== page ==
Nexcella Begins Production of CAR-T Cell Therapy Engineering Batches at US Manufacturing Site

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The start of production of US engineering batches of NXC-201, a CAR-T cell therapy candidate in early clinical development, is the first step in transferring Nexcella’s existing manufacturing process to the United States.

Nexcella, a subsidiary of US-based Immix Biopharma and a clinical-stage biopharmaceutical company, announced on May 26, 2023 that it has begun producing engineering batches of NXC-201, its lead candidate and a chimeric antigen receptor T cell (CAR-T) therapy, at its US manufacturing site.

These engineering batches are intended to support the company’s planned expansion into the United States of an ongoing Phase Ib/IIa clinical study (NEXICART-1 [NCT04720313]) in adults with relapsed or refractory multiple myeloma and amyloid light chain (AL) amyloidosis. NXC-201 is a novel B-cell maturation antigen (BCMA)-targeted CAR-T cell therapy. The commencement of these engineering batches represents a crucial next step in transferring Nexcella’s existing CAR-T good manufacturing practice manufacturing process to the US, according to a company press release.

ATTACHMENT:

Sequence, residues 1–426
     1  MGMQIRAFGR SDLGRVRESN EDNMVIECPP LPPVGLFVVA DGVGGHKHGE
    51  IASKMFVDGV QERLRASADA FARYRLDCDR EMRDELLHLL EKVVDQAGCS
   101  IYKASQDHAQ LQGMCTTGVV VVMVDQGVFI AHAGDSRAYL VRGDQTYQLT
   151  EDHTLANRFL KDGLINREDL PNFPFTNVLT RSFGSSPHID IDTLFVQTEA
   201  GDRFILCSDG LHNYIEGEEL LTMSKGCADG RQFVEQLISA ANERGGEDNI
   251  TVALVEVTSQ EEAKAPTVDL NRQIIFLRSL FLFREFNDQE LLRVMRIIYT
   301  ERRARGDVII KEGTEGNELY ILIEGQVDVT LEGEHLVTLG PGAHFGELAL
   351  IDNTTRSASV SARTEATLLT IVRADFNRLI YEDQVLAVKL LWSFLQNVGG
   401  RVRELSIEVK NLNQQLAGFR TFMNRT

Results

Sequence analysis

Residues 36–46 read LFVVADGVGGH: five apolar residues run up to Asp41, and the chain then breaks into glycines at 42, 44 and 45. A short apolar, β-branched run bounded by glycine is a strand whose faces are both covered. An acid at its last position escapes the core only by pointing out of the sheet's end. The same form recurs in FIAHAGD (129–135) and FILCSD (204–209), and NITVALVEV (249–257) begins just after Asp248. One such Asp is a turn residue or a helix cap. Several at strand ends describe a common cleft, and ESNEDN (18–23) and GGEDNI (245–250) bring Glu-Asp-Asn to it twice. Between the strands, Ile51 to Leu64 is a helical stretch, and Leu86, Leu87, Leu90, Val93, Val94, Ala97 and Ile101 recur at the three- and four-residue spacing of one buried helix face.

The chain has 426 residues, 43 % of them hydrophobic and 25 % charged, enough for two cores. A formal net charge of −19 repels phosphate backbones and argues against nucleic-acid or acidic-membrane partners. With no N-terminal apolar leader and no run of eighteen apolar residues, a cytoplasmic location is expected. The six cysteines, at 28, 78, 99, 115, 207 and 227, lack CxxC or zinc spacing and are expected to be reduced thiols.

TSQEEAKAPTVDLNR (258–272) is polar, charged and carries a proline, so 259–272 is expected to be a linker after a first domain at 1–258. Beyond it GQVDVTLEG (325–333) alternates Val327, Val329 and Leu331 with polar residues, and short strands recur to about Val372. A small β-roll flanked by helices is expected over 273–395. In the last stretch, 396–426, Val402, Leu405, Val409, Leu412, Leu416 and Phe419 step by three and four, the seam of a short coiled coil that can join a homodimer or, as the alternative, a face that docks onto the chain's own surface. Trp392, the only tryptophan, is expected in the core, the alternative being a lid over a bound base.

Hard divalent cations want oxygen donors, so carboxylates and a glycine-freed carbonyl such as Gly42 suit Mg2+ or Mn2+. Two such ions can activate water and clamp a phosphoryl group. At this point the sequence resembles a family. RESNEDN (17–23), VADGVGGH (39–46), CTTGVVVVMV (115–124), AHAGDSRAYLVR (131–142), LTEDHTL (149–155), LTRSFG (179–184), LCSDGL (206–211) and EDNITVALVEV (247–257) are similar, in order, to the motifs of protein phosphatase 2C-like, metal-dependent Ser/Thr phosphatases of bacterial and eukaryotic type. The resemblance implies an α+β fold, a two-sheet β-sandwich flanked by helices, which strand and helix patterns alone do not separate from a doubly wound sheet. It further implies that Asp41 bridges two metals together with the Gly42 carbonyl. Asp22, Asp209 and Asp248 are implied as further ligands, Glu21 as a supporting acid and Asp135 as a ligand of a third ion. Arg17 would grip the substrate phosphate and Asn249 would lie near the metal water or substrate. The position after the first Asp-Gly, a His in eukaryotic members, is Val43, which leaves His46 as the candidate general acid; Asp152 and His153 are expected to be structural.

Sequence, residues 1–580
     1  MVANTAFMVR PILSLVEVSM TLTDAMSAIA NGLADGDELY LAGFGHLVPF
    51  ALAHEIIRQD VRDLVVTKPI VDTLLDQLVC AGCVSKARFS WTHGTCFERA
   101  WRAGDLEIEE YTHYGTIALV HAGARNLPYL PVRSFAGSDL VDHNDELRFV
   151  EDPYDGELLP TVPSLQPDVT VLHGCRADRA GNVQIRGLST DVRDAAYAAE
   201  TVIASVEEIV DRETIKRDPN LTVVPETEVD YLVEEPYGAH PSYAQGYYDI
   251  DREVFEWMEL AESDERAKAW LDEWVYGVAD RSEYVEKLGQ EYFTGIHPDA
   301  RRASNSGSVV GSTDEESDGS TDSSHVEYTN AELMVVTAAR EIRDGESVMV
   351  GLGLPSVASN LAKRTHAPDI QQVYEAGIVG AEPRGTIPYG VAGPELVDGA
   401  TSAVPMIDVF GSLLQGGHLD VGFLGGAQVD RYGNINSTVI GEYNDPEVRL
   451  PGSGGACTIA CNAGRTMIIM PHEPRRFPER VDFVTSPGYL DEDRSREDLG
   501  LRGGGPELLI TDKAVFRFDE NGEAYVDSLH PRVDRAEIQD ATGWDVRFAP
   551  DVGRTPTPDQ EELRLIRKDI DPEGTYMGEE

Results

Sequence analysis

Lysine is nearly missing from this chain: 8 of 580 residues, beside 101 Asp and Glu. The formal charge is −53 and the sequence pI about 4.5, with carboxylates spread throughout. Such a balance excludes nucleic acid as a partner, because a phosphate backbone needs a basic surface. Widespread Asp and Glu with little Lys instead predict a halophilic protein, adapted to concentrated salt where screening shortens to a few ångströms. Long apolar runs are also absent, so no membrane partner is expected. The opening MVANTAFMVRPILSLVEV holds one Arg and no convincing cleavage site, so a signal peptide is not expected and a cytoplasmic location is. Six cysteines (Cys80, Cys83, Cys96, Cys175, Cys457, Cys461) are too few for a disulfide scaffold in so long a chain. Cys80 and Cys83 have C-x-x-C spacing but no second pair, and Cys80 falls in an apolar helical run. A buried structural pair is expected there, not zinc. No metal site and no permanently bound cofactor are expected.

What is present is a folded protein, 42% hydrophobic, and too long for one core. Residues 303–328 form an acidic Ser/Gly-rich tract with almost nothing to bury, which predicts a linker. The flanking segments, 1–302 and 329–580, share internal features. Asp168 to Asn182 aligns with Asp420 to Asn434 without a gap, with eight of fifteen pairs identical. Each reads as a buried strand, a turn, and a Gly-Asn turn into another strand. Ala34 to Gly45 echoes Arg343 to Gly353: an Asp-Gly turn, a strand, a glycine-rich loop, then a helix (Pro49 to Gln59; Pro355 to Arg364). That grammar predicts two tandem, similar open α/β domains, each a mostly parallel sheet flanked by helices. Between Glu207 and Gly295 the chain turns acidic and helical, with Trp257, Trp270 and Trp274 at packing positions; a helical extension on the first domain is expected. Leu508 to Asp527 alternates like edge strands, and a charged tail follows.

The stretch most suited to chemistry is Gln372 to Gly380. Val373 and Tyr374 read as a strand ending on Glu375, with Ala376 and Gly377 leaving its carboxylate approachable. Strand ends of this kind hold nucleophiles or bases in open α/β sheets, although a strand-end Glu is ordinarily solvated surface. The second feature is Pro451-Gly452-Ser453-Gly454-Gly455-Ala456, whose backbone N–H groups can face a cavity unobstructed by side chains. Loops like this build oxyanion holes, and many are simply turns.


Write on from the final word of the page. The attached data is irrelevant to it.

“We are working tirelessly to bring NXC-201 to US patients,” said Ilya Rachman, executive chairman of Nexcella, in the press release. “NXC-201 is the first CAR-T being developed in AL amyloidosis, and in multiple myeloma, patients face significant obstacles when seeking BCMA-targeted CAR-T treatments [such as] NXC-201. We look forward to continuing to advance NXC-201 as we work to improve treatment outcomes for patients in the US suffering from AL amyloidosis and multiple myeloma.”


“Today, 95% of US medical centers are unable to offer CAR-T cell therapy,” said Gabriel Morris, president of Nexcella, in the release. “NXC-201 has already been trialed in over 50 patients, demonstrating a [one to two]-day median short side-effect duration, which offers potential to become the first out-patient CAR-T, potentially reducing hospitalization costs up to 80% and enabling dosing in 95% of US medical centers today unable to offer CAR-T cell therapy.”

Source: Nexcella